Our Latest South Bergenite Column: Black Skimmers

IMG_0469-1Jim Wright, who maintains this blog for the Meadowlands Commission, also writes a column for the South Bergenite on the second and fourth Thursdays of the month. His latest is on this year’s bumper crop of Black Skimmers.

Now is the time of year to see an amazing bird called the black skimmer in the Meadowlands, and this is a year when they seem to be incredibly plentiful.
Considering that these large black-and-white shorebirds are an endangered species in New Jersey, the frequent sightings being reported across the Meadowlands are all the more impressive.
Last week alone, these birds were seen fishing in DeKorte Park and the Clay Avenue Wetlands in Lyndhurst, in Mill Creek Marsh in Secaucus, and along the Hackensack River from Carlstadt to Kearny.
But these guys, with their bright red and black bills, don’t fish like most other avian anglers.  Herons and egrets, for example, wade in the water and grab fish with their pointy bills. Belted kingfishers hover, then crash into the water to seize their prey. Ospreys hover as well, then dive into the water and grab the fish with their talons.
Black skimmers, on the other hand, live up to their name. They skim.Skimmer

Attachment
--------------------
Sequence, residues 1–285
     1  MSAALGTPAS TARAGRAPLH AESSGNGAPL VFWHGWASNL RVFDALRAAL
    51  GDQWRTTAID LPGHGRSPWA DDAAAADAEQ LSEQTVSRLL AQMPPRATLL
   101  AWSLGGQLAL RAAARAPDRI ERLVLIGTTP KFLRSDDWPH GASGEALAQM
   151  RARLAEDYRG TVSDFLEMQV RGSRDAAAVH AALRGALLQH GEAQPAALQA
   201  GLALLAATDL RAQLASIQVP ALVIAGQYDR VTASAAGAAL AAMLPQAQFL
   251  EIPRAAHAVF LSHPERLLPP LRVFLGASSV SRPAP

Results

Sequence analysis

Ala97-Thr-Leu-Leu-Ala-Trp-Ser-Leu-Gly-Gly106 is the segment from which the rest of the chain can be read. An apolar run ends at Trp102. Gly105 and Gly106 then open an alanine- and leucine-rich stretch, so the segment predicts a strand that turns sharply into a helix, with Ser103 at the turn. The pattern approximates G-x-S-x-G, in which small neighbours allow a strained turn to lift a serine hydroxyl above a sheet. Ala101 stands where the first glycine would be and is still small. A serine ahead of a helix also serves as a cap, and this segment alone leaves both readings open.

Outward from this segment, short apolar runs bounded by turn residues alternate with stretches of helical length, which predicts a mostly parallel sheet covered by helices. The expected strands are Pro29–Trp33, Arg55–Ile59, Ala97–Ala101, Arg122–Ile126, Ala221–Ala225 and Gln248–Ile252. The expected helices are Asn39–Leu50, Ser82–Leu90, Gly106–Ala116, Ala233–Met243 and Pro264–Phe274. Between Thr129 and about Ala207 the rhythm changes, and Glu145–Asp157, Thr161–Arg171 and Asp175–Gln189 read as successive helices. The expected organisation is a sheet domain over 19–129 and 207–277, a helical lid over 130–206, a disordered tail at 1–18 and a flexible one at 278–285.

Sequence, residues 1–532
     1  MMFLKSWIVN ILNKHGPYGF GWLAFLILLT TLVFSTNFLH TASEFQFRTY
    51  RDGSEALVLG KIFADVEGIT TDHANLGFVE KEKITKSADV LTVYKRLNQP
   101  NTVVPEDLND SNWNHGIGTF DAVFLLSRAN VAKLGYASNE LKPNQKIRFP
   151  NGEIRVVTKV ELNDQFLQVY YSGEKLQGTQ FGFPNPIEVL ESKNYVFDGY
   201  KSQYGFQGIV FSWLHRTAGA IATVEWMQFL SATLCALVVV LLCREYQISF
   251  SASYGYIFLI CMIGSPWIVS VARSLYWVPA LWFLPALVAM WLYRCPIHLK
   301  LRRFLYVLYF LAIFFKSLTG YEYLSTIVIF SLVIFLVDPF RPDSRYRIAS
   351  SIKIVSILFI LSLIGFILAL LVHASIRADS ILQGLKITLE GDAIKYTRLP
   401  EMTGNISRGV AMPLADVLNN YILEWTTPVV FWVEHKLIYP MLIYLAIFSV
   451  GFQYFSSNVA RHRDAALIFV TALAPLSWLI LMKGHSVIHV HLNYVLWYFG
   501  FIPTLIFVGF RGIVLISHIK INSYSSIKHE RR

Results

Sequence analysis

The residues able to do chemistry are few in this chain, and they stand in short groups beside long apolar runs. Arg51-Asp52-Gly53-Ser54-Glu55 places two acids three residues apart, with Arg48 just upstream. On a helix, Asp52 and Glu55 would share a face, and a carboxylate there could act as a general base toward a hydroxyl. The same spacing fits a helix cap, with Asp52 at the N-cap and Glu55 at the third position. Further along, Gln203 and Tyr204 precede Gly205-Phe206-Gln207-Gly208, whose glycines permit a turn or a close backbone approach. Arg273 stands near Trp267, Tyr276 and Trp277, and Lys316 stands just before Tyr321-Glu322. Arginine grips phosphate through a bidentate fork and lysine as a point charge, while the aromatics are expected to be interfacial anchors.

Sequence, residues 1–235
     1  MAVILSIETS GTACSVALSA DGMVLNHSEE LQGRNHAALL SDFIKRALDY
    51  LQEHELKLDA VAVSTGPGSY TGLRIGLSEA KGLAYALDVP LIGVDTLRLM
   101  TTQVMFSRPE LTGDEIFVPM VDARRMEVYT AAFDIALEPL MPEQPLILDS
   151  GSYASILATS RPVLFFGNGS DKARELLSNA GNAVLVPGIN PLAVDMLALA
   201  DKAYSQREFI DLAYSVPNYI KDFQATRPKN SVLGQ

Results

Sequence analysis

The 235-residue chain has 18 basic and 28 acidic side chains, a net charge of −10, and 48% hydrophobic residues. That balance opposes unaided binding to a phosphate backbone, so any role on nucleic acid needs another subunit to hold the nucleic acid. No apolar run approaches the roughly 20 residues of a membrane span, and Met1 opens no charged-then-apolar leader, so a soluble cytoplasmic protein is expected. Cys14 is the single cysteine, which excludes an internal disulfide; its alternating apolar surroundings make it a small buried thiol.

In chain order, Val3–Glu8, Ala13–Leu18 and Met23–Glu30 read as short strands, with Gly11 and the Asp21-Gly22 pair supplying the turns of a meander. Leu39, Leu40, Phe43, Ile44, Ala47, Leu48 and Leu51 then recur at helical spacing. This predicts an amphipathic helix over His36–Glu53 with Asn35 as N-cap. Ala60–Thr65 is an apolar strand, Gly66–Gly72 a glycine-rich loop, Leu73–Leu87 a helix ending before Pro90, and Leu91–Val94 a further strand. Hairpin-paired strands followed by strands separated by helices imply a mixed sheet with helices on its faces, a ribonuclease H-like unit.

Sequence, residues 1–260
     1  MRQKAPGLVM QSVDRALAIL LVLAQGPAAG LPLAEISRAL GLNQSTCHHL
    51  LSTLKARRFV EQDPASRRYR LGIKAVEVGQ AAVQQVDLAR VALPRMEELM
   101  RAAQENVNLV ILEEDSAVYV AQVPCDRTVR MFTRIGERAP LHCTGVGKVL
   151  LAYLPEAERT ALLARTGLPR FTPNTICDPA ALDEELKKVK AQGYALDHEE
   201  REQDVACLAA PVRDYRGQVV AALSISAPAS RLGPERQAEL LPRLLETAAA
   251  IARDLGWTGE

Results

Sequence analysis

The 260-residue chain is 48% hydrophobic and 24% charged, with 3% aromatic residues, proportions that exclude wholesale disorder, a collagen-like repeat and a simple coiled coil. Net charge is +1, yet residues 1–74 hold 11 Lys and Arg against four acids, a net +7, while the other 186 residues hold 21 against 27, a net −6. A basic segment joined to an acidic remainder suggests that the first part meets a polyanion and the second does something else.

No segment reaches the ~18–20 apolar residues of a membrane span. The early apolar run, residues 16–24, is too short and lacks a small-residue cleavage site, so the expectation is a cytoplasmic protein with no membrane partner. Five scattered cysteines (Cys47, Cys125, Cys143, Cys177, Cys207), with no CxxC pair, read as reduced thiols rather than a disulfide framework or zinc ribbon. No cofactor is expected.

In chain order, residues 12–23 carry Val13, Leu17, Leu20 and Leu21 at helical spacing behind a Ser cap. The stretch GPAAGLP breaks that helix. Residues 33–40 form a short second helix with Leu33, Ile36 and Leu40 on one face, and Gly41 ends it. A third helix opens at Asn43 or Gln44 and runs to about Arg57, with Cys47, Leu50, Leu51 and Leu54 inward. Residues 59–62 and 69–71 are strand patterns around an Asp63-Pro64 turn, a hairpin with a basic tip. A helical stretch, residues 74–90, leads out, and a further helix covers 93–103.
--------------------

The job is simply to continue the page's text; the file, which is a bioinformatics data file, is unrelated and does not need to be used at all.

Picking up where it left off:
NJMC Naturalist Mike Newhouse explains:  “The Skimmer catches fish with its large bill — with the lower mandible being larger than the top — as it clips the surface of the water while it is flying.”
What’s more, black skimmers tend to fly in groups (in tight formation) and in silence. Thus, the sight of skimmers quietly gliding along is an experience not unlike watching the U.S. Air Force’s Blue Angels flight team.
Also, Newhouse notes, skimmers feed at any time of the day.
“The cool thing is that they are mostly crepuscular — active during dusk and dawn — but also can feed in the middle of the night because they use their sense of touch with their bill, which will snap shut when it touches a fish.”
The time to watch for skimmers is now, says Newhouse: “They tend to be in the Meadowlands for the majority of June, and then start becoming harder to find in July, when they head for the southern U.S., Mexico, or South America.”
I never got a decent look at a skimmer until my second summer working in the Meadowlands — and then it was about a minute’s worth, in the Shorebird Pool at DeKorte Park.
I finally got my first and only up-close look the following summer (see photo at top) when retired NJMC Naturalist Don Smith found a dazed skimmer in Secaucus.
I drove the bird to The Raptor Trust in the Great Swamp, where it was successfully rehabbed. We later released it near Laurel Hill County Park in Secaucus.
I like to think that one of those avian Blue Angels we see now is the guy we saved.

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